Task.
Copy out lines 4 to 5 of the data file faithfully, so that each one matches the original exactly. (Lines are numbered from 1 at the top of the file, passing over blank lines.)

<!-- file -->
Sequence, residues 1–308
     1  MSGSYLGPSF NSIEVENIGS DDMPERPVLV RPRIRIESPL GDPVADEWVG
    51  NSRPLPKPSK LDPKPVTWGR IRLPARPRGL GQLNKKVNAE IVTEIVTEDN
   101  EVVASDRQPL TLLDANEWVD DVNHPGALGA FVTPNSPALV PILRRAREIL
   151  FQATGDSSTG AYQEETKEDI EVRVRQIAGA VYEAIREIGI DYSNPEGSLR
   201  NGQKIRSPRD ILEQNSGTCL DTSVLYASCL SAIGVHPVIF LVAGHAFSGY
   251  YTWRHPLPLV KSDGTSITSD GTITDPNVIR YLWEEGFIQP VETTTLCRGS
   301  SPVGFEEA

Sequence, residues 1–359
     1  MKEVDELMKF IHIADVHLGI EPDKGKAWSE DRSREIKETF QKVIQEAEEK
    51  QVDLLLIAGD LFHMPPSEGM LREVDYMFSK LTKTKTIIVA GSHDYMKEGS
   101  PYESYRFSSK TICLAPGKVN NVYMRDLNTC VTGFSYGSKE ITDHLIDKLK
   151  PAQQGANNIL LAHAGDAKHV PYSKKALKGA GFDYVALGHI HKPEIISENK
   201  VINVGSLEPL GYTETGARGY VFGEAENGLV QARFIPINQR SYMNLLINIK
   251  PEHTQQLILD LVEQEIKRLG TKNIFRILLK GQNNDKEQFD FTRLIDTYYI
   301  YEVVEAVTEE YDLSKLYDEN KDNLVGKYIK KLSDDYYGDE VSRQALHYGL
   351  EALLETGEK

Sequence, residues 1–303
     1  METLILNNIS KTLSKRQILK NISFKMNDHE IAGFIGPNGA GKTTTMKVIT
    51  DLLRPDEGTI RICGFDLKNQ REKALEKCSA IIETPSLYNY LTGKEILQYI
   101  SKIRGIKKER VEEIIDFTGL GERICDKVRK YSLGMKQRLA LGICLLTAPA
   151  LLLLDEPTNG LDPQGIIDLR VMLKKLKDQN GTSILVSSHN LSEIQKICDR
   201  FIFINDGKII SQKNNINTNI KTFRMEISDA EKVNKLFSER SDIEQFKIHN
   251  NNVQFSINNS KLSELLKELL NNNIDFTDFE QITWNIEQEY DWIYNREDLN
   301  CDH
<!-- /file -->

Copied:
   101  EVVASDRQPL TLLDANEWVD DVNHPGALGA FVTPNSPALV PILRRAREIL
   151  FQATGDSSTG AYQEETKEDI EVRVRQIAGA VYEAIREIGI DYSNPEGSLR